By Tessa Holloran

I remember driving down to the Youth Dressage Festival, in August, when we got the e-mail that I was accepted to the 2017 Winter Intensive Training (WIT) Program in Wellington, Florida. I was so excited, I wasn’t sure if I would get in because the participants are usually a little older than twelve. The next several months were spent getting ready, finding a place to live, packing, and making sure Beau was fit and able to handle the intense training. I have been involved with Dressage4Kids for many years, and as soon as I learned about WIT, I started dreaming of going someday.

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Tessa with Laura Graves at WIT

Beau is my KWPN mare, her registered name is Usela, and I had only been working with her for about a year and a half. During that time, we faced a few setbacks and our training really stalled for several months. I thought the WIT program would be a great opportunity to really focus in and see if we could make up some lost time. I had also ridden with Lendon several times, and loved the way she pushes you outside your comfort level and finds ways to help you get results.

WIT is possible thanks to the generosity of Kim van Kampen, who hosts the program at her beautiful Hampton Green Farm. There were fourteen girls in the program, and it was a great experience to spend time with younger riders because, at home, my barns have always been all adults. We were able to watch and meet some of the biggest names in the dressage world. Our trips included auditing Lisa Wilcox, Steffen Peters, and Robert Dover. I also got to attend the USDF Trainers Conference, and also hear Debbie McDonald give a terrific talk on training tips. We met every member of the U.S. Olympic Dressage Team, and even held their bronze medal from the 2016 Olympic Games in Rio. Everyone had to interview someone who inspired them in the horse world, and I got to sit down with Laura Graves and talk to her about her riding. I was always amazed at how these very famous and busy professionals would make time for us and help us learn from their experiences.

I took five lessons a week with Lendon, and while she can be very tough at times, she is always fair. I loved every minute, and am so excited with the progress Beau and I have made. A large part of our training focused on getting a more balanced uphill canter and more suppleness in all gaits. We also showed five times at the Adequan® Global Dressage Festival and faced the judges fourteen times, earning a few qualifying scores for regionals later this year. Lendon’s coaching was a huge part of our success.

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Lendon checks fit for Beau’s first ride in a double bridle

While we were all enjoying the nice weather, the days were a lot of hard work. Every day started at 6:30 a.m., with barn chores then fitness, and ended around 4:30 p.m. We rode six days a week, took field trips to other farms, had weekly written tests, and volunteered. But we also had a lot of fun. We enjoyed going over and watching the warm ups at the Adequan® Global Dressage Festival, the Friday night freestyles, the jumpers on Saturday, sponsor parties, and even just going for yogurt.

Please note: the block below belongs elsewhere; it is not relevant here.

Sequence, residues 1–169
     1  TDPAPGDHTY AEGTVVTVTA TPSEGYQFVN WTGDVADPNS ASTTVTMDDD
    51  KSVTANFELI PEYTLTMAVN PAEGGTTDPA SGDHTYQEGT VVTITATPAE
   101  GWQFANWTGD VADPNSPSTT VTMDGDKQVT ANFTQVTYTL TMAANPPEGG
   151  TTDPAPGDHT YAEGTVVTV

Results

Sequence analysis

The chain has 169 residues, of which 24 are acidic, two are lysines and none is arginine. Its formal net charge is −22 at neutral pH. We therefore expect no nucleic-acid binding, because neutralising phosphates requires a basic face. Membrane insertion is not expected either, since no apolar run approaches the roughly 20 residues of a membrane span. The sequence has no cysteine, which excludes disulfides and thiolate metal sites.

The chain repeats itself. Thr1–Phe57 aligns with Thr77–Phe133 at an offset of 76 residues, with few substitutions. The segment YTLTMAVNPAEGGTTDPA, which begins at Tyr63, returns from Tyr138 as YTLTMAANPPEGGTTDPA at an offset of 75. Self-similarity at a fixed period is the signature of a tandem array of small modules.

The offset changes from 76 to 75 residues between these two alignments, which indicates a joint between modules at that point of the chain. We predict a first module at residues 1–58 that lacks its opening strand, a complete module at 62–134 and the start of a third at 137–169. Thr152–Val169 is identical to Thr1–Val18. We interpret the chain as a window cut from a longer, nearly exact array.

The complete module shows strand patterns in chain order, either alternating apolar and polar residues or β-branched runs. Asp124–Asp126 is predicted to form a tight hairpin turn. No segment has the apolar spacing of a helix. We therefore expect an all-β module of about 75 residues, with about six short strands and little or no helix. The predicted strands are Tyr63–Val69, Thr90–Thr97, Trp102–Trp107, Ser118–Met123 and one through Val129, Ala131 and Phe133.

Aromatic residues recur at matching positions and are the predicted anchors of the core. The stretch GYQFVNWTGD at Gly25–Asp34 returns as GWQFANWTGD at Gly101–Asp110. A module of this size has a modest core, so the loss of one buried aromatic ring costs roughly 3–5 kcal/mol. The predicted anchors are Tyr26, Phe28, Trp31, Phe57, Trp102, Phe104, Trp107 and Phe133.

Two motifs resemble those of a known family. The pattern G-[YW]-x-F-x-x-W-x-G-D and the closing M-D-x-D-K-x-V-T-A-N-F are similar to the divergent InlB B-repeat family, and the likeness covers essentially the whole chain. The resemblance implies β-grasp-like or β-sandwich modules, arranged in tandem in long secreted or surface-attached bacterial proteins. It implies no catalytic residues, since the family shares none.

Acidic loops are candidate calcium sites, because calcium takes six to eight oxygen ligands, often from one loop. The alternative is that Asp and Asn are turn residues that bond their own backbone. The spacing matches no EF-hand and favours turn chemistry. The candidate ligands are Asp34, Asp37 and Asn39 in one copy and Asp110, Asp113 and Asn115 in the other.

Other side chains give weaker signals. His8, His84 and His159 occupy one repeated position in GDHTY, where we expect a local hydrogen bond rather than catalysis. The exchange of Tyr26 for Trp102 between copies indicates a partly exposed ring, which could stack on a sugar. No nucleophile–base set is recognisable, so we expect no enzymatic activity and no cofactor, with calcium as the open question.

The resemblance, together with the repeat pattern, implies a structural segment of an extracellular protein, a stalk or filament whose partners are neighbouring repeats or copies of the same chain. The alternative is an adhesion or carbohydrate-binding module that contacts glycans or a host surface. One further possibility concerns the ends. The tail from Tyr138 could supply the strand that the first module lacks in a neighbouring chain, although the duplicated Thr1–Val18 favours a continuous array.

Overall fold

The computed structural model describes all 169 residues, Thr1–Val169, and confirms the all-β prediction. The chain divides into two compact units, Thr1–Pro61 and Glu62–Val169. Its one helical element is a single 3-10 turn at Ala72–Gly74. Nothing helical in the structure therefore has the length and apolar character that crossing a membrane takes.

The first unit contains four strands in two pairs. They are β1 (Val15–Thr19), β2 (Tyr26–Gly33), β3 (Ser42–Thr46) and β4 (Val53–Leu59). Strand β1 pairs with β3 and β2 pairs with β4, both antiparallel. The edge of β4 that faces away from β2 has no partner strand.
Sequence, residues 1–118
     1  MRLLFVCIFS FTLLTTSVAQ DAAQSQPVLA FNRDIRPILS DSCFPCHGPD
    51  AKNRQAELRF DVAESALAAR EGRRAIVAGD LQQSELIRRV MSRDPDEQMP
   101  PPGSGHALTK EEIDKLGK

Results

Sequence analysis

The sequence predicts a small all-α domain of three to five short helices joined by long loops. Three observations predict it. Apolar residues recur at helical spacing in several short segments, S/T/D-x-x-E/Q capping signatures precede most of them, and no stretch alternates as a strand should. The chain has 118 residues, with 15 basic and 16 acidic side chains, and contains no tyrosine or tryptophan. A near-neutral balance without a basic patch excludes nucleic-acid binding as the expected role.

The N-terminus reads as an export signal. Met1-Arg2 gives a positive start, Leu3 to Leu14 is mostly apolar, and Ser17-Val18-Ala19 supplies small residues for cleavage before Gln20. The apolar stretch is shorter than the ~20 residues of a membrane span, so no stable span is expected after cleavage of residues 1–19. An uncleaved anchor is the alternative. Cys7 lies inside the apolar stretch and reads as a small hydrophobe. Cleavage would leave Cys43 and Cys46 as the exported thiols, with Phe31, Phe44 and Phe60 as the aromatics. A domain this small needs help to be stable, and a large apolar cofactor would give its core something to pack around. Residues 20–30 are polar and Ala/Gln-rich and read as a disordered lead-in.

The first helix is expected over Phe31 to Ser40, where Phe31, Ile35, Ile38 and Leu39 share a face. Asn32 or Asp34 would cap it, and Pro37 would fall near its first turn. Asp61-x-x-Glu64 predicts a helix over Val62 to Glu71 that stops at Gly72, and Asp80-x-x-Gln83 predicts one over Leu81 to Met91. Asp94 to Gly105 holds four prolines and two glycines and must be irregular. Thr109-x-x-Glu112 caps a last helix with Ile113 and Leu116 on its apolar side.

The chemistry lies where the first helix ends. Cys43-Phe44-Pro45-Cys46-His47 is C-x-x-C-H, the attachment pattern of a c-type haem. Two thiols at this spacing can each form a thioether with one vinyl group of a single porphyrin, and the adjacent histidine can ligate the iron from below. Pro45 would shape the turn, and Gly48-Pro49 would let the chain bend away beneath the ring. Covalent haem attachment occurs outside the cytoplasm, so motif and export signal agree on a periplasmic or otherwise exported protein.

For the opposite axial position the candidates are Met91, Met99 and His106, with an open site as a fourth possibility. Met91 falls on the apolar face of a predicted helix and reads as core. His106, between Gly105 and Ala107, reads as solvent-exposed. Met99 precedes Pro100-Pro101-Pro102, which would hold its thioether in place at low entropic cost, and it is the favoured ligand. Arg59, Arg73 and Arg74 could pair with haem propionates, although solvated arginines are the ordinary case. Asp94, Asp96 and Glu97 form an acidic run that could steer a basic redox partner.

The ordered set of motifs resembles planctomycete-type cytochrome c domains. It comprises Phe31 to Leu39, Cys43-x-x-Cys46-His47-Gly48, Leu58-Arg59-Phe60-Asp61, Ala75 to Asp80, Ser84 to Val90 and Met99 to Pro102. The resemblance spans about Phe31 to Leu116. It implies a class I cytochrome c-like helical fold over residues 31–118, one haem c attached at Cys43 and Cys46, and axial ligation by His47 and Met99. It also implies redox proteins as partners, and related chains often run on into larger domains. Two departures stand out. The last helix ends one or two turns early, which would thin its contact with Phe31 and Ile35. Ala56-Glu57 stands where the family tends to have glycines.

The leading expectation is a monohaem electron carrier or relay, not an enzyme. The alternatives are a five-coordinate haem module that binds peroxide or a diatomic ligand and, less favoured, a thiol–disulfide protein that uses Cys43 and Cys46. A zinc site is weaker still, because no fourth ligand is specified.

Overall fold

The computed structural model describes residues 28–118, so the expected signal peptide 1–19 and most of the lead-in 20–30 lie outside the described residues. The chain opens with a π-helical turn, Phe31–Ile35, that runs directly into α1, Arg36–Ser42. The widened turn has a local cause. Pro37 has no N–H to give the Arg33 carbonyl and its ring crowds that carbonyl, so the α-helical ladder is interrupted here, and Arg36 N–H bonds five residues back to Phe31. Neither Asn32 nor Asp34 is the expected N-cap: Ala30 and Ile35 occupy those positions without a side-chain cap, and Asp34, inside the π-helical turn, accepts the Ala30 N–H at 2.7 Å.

Since I’m in seventh grade, in our public middle school, I was very lucky that my teachers supported this training. I wasn’t sure how they would feel about me missing three months of school. I had to keep up with my classes from Florida, and did quite a bit of my schoolwork at the barn, and on our day off. It was a little challenging at times, but it all worked out.

I am so appreciative to Lendon and all the Dressage4Kids volunteers and sponsors, who make these programs possible for younger riders. And of course my family and friends, who are so supportive with time, money, and even Facetiming to help me with homework. It was an amazing experience, but I did miss my dad, sister, and dogs, who all stayed home in Massachusetts.

A well-deserved treat after a long day.

Besides the intense training and time in the saddle, I really enjoyed making new friends. Everyone was so encouraging, and we learned a lot from each other. Whether you were eleven or nineteen years old, we all had different backgrounds and had something helpful to share with others. Many of us have been keeping in touch, and I hope our friendships will last forever.

Now that we are back home, I plan to ride with Lendon as much as possible at the D4K TEAM Clinics (formerly EDAP), so we can continue to build on everything from Florida. I’m looking forward to our show season.

Update: Tessa was recently invited to the 2017 USEF Children Dressage National Championship at the US Dressage Festival of Champions, August 23-27 in Wayne, IL.

2 COMMENTS

  1. This continues to be an amazing experience for so many. Thank you Lendon, D4K and all who volunteer their time.

  2. Amazing program! An exceptional young woman from our barn is in this program, and my 9 year old aspires to it.

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